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Libraries debate Net filtering

The filtering of Net access at public libraries receives very different reactions from two city councils, which are balancing concerns about online smut and censorship.

The notion of filtering Net access at public libraries received very different reactions from the city councils of Coppell, Texas, and San Jose, California, yesterday, where officials tried to balance concerns about online pornography with cries of censorship.

Silicon Valley council members voted 8 to 3 against a plan to Next decency fight: libraries create "children Internet zones," by installing blocking software on computers designated for use by minors at the cities' 22 libraries. Councilwoman Pat Dando's proposal was inspired in part by the Supreme Court's decision on the Communications Decency Act, in which Justice Sandra Day O'Connor's partial dissent suggested creating "adult zones" to keep kids out of the Net's red-light districts.

San Jose's Library Commission supported the idea, but it was opposed by groups such as the American Civil Liberties Union and Mayor Susan Hammer, who helped defeat the plan.

In sharp contrast, the Coppell City Council voted 5 to 2 to filter Net access for all patrons of the William T. Cozby Public Library.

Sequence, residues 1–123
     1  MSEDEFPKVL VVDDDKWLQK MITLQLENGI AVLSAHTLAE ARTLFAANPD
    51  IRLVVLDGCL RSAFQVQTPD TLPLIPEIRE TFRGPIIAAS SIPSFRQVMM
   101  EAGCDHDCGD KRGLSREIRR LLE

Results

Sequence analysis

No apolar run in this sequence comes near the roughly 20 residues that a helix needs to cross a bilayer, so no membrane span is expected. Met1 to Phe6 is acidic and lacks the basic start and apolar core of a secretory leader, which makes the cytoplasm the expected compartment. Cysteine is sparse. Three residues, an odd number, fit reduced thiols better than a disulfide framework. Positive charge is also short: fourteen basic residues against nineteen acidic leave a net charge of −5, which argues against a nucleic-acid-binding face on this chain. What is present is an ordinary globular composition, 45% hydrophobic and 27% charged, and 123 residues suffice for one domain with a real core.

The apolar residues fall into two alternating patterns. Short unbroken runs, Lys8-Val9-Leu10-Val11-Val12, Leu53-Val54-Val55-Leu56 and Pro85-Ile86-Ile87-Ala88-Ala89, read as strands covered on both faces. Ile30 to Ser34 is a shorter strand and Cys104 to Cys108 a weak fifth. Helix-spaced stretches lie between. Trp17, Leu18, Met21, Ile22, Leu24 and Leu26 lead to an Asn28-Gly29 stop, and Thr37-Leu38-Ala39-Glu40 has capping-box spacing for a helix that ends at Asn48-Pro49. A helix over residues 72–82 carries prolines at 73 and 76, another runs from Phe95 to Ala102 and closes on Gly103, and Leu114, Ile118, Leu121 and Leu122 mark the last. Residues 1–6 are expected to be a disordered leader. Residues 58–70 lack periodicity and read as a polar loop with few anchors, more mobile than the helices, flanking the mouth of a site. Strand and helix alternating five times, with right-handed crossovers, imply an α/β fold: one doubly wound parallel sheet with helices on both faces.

Both decisions come after the American Library Association issued a policy in July stating that the nation's data repositories shouldn't filter Net access, even though Boston and Ohio, for example, already are limiting access.

Despite opposition by the Coppell's The CDA: Case closed Library Advisory Board, the city will attempt to bar adults and kids from pulling up Net sites that may contain full nudity, partial nudity, gross depiction, or sexual activity. City staff has already recommended the use of the program Cyber Patrol to get the job done.

Those in favor of filtering were concerned about the availability of pornography in cyberspace. People who fought the proposal say current blocking technology is not fool-proof, and that it often cuts access to sites that could have educational or social value.

"As a librarian I am opposed to filters in all formats. I strongly believe it is the parents responsibility to monitor what their child hears, sees and reads," said Lex Ann Seifert, a Coppell Library Advisory Board member.

"It is dangerous for a city to put controls over library content into the hands of a company like Cyber Patrol." she added. "We don't know that these people have the views of Coppell at heart."

Also in Texas this week, the Library Commission in Austin voted 6 to 1 in support of a proposal to allow unfiltered access for adults on two of the eight Net terminals at its main library. Since April, the Austin Public Library system has been filtering all online access for nudity and sexual acts, although the categories were much broader when the blocks went on in February.

The commission, which acts as an advisory board, is trying to win back some computers that let adults surf without content controls. A community roundtable is being held on issue on October 2.